As more details surrounding Pop Smoke’s death emerges it has been reported that he was dealing with some legal issues behind the scenes that may have led to his murder. Was NYPD to blame?!
New York Post reported that the NYPD may have been using pending charges against Pop Smoke as ammo for him to allegedly snitch on fellow Crip gang members.
A source tells the Post that police first tried to get Pop Smoke to snitch when he was arrested in December 2019 for allegedly possessing a stolen Rolls Royce Wraith. The police questioned him about a non-fatal shooting that took place in Brooklyn in June 2019. Authorities felt as though he had information on the situation because they claimed to have footage of him driving a car in reverse near the scene of the crime.
Police tried everything to pressure Pop Smoke into snitching on 823 Crips, GS9, as well as other Brooklyn street gangs, but Pop refused to talk.
In a statement the rapper’s lawyer Peter Frankel said:
“Any conversation with Pop about cooperation was a very short one. It’s something he would never entertain doing.”
Frankel also alleges that the gone too soon rapper was hit with the federal grand theft auto charge as pressure to get him to snitch on the gang members.
In fact, according to a New York Times source, the feds getting involved in a car theft case is something that is “rarely seen in a federal indictment.”
The source goes on to say to New York Times:
“They hoped the force of the federal indictment would persuade him to cooperate — meet and speak with them. t’s not uncommon for the federal government to become involved in an investigation when they believe that doing so will help them in a way a state court prosecution may not be able to do.”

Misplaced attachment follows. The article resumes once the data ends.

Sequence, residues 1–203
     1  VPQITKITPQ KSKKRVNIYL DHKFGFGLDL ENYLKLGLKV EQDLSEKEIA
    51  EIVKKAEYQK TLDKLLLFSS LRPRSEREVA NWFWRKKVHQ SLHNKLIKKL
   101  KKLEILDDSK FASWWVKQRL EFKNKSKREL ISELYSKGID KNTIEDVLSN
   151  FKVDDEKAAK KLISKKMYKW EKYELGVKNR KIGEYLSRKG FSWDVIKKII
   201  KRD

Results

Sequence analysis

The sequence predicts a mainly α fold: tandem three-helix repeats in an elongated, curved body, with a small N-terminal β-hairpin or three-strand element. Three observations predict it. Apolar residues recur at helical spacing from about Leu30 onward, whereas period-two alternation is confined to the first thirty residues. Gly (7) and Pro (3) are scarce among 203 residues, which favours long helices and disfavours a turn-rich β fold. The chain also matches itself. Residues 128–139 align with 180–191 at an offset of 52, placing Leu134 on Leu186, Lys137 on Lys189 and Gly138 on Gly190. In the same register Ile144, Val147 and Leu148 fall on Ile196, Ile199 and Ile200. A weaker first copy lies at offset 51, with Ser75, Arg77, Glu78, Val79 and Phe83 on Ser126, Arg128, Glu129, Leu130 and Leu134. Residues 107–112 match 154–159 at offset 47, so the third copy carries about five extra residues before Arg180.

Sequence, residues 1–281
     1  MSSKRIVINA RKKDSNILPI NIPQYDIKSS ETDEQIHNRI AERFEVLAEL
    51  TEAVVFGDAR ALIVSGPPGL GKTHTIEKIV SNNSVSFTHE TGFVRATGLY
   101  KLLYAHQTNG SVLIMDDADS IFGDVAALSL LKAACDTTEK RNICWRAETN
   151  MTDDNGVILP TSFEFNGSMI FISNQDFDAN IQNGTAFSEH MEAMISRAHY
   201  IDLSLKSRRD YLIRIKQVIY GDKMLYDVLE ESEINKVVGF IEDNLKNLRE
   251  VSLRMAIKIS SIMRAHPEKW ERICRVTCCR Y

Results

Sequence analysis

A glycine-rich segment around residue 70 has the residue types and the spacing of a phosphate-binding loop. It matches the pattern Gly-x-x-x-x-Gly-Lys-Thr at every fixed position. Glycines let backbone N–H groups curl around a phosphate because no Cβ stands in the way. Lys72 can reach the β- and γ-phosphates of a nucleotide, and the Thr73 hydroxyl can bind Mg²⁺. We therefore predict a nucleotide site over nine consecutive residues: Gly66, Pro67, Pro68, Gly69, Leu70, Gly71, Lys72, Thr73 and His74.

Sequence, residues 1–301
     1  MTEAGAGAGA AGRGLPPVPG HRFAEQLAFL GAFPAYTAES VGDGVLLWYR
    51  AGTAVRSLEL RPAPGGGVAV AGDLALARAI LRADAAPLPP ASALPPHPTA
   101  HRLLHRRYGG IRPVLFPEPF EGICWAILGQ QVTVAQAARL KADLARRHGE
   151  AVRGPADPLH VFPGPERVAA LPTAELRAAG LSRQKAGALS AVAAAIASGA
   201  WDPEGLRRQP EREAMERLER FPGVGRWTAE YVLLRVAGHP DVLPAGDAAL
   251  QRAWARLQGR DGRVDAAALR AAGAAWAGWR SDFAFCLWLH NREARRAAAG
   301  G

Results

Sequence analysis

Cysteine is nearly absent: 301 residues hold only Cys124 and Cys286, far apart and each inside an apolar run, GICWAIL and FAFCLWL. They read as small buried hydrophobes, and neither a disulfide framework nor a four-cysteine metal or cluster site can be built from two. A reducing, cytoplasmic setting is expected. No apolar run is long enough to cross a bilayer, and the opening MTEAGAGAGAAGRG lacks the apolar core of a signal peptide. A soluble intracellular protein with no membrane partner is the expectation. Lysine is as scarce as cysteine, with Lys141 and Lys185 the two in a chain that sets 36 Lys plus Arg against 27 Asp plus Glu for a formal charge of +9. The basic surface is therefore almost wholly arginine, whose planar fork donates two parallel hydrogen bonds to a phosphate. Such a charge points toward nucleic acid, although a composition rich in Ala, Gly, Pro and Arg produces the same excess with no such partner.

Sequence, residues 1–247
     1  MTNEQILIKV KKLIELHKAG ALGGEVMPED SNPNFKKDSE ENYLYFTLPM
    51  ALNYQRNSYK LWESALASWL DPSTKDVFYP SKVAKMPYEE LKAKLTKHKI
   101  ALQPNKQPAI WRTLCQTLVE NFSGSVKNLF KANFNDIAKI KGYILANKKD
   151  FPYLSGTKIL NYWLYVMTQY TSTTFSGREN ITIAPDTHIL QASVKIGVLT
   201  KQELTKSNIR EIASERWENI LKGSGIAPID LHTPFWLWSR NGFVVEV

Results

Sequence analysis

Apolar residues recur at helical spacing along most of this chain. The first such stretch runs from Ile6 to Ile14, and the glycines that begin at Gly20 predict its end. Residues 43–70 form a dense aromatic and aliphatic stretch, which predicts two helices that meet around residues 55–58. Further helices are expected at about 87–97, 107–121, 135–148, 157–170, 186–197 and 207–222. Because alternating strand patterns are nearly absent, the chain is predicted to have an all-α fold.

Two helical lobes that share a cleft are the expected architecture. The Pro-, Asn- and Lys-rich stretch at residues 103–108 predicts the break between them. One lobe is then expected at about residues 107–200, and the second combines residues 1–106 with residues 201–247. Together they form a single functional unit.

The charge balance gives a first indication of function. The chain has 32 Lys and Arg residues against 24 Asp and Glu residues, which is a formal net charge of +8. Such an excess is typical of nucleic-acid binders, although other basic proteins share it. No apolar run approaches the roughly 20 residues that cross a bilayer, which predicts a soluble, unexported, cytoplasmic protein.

And since he wouldn’t cooperate, the FEDS was trying to back him in a corner to force him to snitch…but little did they know Pop was not budging.
The NYPD picked him for the same grand theft auto charge back in January. While in police custody, they tried all sorts of pressure tactics bout his connection to the 823 Crips and more non-fatal shootings. But Pop stood his ground and refused to cooperate, posted a $250,000 bond, agreed to stay away from any known gang members and agreeing to submit drug tests to US pretrial services as part of his conditions.
These conditions kept him from performing at several events including the “BK Drip Concert” at Kings Theatre in Flatbush back in February. According to the informational memo in his federal case, a field intelligence agent was tipped off that members of the “8 Trey Cowboy Crip, 90’s G-Stone Crip, Slattery Boys, and Vice Lords” would be in attendance.
The memo reads:
“Furthermore, these artists have been identified by the NYPD as perpetrators with violent criminal histories, with the defendant and one of the other artists remaining persons of interest in a non-fatal shooting that took place in Queens on Jan. 4.”
And although his maintained his innocence, Pop Smoke agreed to not do the concert with the advise of his lawyers.
This is a prime example on how the streets aren’t loyal as you think they are.
RIP Pop Smoke. Gone too soon.
What’s your 2 cents?!